Wednesday, June 15, 2016

The Success of the Student is Based on the Motivation to Learn

While the environment is important in developing strong universities, and technology allows more people to learn in a convenient way, the student is still the fundamental component of success. Whether we are sitting under a tree with a mentor in ancient society or communicating from our cell phones it is the student that will determine the overall outcome of the learning process.

That doesn't neglect the quality of instructor, the curriculum, and the environment as factors in learning but it does recognize the student's personal characteristics as a central component to learning. The student must come to class willing to learn and seeking knowledge for their own personal development.

This desire to learn is a fundamental difference between strong and weak students. Strong students question in order understand while weak students question to earn a higher grade. One is focused on the learning while the other is focused exclusively on the grade. The personality and characteristics will determine which emphasis the student places.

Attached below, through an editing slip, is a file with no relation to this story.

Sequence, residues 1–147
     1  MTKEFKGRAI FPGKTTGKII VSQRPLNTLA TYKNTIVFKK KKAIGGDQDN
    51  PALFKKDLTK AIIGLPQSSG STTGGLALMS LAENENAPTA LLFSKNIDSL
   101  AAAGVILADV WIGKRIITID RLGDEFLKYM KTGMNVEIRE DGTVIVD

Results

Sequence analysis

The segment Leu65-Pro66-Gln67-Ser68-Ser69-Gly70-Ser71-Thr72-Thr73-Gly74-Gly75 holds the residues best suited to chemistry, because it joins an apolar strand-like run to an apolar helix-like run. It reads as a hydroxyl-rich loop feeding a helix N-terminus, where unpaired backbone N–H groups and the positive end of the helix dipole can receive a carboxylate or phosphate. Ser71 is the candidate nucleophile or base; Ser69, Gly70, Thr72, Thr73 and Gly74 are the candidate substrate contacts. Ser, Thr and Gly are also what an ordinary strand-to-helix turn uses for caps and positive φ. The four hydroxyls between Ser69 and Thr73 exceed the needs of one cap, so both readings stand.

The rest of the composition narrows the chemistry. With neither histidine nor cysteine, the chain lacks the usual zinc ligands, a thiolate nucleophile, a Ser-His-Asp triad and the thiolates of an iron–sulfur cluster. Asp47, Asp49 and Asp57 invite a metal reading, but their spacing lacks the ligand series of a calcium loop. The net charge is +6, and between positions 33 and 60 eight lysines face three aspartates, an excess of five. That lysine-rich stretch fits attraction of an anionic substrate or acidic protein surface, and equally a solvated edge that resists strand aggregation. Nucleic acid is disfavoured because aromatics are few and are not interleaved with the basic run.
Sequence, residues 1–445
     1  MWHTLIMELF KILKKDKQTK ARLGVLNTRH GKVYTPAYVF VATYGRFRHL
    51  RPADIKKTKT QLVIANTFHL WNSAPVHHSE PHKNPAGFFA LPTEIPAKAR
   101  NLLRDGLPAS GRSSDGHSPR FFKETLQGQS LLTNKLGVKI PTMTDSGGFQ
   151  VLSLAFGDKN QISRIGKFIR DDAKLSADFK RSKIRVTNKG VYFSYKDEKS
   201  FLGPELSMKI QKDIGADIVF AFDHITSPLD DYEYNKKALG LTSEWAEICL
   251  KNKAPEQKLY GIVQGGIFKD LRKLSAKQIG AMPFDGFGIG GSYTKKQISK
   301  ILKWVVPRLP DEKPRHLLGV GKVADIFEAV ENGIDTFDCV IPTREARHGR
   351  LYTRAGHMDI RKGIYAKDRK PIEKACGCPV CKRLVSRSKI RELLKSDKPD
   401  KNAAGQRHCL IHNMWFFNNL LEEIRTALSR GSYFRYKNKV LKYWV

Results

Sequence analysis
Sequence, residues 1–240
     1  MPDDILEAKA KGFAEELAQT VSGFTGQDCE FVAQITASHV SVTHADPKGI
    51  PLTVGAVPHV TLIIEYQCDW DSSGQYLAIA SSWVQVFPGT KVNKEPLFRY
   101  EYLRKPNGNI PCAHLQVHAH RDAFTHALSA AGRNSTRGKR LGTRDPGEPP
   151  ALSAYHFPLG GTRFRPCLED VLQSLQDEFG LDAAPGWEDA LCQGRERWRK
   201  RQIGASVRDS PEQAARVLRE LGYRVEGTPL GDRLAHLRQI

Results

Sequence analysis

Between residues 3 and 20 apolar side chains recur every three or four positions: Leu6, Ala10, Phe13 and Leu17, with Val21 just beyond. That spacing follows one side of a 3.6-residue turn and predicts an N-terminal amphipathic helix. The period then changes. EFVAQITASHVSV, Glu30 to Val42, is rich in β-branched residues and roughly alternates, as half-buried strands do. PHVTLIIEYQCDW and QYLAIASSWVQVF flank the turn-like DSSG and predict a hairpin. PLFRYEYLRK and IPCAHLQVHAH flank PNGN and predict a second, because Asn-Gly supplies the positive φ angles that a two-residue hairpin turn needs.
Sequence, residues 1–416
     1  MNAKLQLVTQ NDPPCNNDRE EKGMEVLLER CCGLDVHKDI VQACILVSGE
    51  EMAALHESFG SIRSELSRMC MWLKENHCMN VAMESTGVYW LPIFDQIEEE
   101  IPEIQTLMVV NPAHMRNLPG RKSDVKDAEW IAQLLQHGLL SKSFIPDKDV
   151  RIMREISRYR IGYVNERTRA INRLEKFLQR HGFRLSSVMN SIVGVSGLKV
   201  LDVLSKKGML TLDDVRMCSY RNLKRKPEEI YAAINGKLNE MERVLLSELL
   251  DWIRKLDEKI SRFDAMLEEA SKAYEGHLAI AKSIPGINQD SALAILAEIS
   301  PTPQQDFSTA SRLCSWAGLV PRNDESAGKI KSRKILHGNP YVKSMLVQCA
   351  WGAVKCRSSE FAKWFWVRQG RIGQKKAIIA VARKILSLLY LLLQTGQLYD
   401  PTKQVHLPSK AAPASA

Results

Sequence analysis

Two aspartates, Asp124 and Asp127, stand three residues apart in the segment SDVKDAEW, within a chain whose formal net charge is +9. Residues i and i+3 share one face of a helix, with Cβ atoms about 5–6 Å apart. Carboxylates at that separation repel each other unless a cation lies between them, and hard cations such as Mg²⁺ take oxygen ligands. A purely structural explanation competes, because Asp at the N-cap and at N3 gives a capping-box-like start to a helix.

Learning is a mindset of personal development. It is a person who takes in information, reflects on it and integrates information. While they understand that feedback is somewhat subjective they do look at all feedback as an important method of understanding. Over time the feedback becomes accurate as similar themes develop.

One must be motivated to learn in a term called "grit". No matter what is going on in their lives and what happens to them "grit" ensure that they maintain their course in learning. They will go through many problems in life and still seek greater knowledge and opportunity.

It is difficult for professors to develop motivation in their students because students often come to class with or without this inherent perception. However, it is possible to foster what is available in students by encouraging students to find greater connection between their effort and their long-term goals. By widening and deepening the student's perspective specific actions can be put within a context.

No comments:

Post a Comment